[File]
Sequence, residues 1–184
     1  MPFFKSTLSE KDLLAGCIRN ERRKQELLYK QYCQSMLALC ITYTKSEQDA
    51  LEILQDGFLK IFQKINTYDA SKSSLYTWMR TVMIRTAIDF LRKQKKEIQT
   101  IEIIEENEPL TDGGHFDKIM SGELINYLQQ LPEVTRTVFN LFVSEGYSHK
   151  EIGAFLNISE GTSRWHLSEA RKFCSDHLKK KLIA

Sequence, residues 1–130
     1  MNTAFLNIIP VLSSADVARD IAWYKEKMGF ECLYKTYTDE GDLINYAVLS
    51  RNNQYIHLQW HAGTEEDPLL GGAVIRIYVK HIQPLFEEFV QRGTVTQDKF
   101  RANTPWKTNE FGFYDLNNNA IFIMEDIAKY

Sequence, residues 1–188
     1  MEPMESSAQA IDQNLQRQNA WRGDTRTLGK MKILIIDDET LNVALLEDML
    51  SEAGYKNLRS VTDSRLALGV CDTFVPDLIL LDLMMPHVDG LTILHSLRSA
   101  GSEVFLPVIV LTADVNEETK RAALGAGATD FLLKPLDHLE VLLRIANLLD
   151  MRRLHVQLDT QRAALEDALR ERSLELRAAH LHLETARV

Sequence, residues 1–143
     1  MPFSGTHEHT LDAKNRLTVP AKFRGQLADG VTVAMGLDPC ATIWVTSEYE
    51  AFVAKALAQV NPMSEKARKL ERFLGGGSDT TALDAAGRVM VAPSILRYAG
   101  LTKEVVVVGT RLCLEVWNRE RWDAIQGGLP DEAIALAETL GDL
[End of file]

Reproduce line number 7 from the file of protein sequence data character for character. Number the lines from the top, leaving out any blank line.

     1  MNTAFLNIIP VLSSADVARD IAWYKEKMGF ECLYKTYTDE GDLINYAVLS